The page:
Transforming Trauma Episode 001:
Complex Trauma, Post-Traumatic Growth, and the NeuroAffective Relational Model with Brad Kammer
A podcast brought to you by the NARM® Training Institute
In understanding how effective the NeuroAffective Relational Model® (NARM®) can be in support of Transforming Trauma, we must broaden the conversation around trauma to recognize Complex Post-Traumatic Stress Disorder (C-PTSD) and a new understanding of Post-Traumatic Growth. As Dr. Laurence Heller, creator of NARM®, states in his book Healing Developmental Trauma, “No matter how withdrawn or isolated we have become on the deepest level, just as a plant spontaneously moves towards sunlight, there is in each of us an impulse toward connection and healing.”
Sarah is joined by Brad Kammer, psychotherapist, educator, and the NARM® training director and senior trainer, to discuss the roots of developmental trauma, our current understanding of complex trauma, where NARM® fits in the current trauma field, and the transformative power of NARM®.
C-PTSD isn’t a new concept. In her 1992 book Trauma and Recovery, Dr. Judith Herman introduced the new understanding of complex trauma and differentiated it from Post-Traumatic Stress Disorder (PTSD). And yet, nearly 30 years later, C-PTSD still isn’t officially recognized as an official diagnosis.
While PTSD has been central in moving the trauma field forward over the past forty years, it is beyond time to acknowledge the impacts of adverse childhood experiences and other traumatic experiences that are not captured by the PTSD diagnosis. As Sarah says, “I think we’re under-using the term trauma. I think we just need to define it better as a society.”
The diagnosis of PTSD essentially has three components: a sense of life threat; an avoidance of the threat; a re-experiencing of that threat through intrusive thoughts, flashbacks, nightmares or compulsive overthinking. C-PTSD has those same three components plus an additional three: interpersonal disturbances; negative self-concept; and affect dysregulation. Complex Trauma captures the significant impact of attachment, developmental, relational, cultural and intergenerational trauma.
NARM is a model specifically designed to resolve the impacts of Complex Trauma: including attachment, developmental, relational, cultural and intergenerational trauma. NARM is a top-down, bottom-up approach that integrates psychodynamic and somatic psychotherapy, within a mindful, interpersonal process, in order to provide an unparalleled full-spectrum of care. Sarah and Brad agree: “Trauma is the underlying cause of most, if not all, psychological disorders.”
For anyone that is interested in the trauma-informed movement – and how it can support psychotherapy, healthcare, education, public policy, and social justice – it is important to unpack the nuances of complex trauma. Sarah informs podcast listeners that they do not need to hold degrees in mental health in order to engage with NARM work. What is required is an open, inquisitive mind, with a basic understanding of complex trauma and a desire to help people with resources to move through their trauma. Brad shares that Oprah Winfrey is a fierce advocate for helping put C-PTSD and the trauma-informed movement on the map.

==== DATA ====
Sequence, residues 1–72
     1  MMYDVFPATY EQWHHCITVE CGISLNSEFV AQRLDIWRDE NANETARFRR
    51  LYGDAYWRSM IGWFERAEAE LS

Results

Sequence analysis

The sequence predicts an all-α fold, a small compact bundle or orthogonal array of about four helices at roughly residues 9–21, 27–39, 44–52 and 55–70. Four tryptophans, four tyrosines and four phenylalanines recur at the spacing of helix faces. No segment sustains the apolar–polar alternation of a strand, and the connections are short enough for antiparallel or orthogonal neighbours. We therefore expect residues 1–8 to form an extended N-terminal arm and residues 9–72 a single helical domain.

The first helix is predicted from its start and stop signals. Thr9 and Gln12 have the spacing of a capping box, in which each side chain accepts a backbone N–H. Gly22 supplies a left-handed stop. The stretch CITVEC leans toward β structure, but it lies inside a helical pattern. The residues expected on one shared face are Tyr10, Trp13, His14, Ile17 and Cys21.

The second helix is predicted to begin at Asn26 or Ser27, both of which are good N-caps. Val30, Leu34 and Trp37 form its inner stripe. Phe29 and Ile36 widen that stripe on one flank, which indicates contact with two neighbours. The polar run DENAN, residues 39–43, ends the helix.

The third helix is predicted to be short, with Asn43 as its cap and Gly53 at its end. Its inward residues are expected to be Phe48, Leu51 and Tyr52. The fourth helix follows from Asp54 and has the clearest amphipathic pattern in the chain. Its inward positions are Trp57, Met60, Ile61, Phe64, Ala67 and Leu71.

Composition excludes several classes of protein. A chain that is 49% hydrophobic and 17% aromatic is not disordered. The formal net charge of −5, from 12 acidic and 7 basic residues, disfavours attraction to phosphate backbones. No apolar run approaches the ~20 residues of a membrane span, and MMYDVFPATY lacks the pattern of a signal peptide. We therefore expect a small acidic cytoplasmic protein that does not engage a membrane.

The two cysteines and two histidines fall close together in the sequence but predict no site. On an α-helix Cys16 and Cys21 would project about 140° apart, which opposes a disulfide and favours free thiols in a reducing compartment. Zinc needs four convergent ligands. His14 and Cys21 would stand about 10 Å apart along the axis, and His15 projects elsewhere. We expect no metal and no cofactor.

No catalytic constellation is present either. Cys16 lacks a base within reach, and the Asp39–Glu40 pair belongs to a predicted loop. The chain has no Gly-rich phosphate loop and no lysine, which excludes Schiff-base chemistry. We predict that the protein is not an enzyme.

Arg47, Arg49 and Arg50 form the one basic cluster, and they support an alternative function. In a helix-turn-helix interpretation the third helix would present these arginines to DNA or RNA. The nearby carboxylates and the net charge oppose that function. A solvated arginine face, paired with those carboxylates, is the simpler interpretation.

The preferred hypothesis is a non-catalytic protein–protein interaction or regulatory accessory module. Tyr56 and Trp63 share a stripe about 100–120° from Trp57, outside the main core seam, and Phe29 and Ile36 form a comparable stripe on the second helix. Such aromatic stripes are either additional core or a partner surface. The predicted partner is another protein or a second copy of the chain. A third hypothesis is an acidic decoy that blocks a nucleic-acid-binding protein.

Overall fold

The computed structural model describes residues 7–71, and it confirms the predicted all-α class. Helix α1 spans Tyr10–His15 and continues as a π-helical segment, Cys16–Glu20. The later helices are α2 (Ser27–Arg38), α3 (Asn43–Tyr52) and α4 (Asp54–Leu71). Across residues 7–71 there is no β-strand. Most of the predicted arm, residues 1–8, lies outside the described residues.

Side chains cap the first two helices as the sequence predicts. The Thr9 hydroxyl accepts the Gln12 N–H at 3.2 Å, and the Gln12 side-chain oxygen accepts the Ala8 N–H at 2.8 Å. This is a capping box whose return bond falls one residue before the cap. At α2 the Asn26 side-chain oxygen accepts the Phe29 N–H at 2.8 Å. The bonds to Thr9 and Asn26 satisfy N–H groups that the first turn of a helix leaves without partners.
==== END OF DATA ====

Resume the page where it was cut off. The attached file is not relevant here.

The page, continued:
Brad says that even though it’s still early in the trauma field movement, there are models that are aimed at resolving complex trauma. “NARM is designed for working with people that have experienced and are still dealing and living with unresolved complex trauma,” says Brad. “That’s where NARM fits in.” His vision is that at-risk individuals — especially children — will get the assistance they deserve to thrive beyond the confines of their trauma.
Accessibility is key. Through this podcast and with its global training initiatives, NARM is expanding its reach. Brad hopes to not only help individuals who are focusing on healing from complex trauma, but also to extend the program’s influence to families and communities plagued by violence, conflict and social injustice. As he says, “NARM can be a vehicle for both personal and social transformation.”
The NARM Training Institute provides tools for transforming complex trauma through: in-person and online trainings for mental health care professionals; in-person and online workshops on complex trauma and how it interplays with areas like addiction, parenting, and cultural trauma; an online self-paced learning program, the NARM Inner Circle; and other trauma-informed learning resources.
Misattunement: the experience of a child not feeling seen, recognized, validated and/or heard by caregivers or adults in their early lives; a lack of rapport between infant and parent/caregiver such that the infant's efforts at communication and expression are not responded to in a way that allows the infant to develop a secure sense of self
Interpersonal disturbances: for children, relational distress stemming from attachment and relational misattunement; and as adults, relational distress which manifests within couples, families and friends
Negative self-concept: a negative belief in or experience of the self; origins of shame at the root of the personality/identity
Affect (emotional) dysregulation: emotional responses that are disrupted and poorly modulated; amplification of or decrease in certain emotions
Physiological (bodily) dysregulation: somatic responses that are disrupted and poorly modulated; impairment of physiological (bodily) regulatory mechanisms leading to hyper- and hypo-arousal
Hyper-arousal: an internal sense of being on high alert; often experienced as anxious, restless, fidgety, unsettled, distracted, reactive; activation of the sympathetic nervous system
Hypo-arousal: an internal sense of under-responsiveness; often experienced as numb, shut-down, dissociated, frozen, depressed, hopeless; activation of the parasympathetic nervous system
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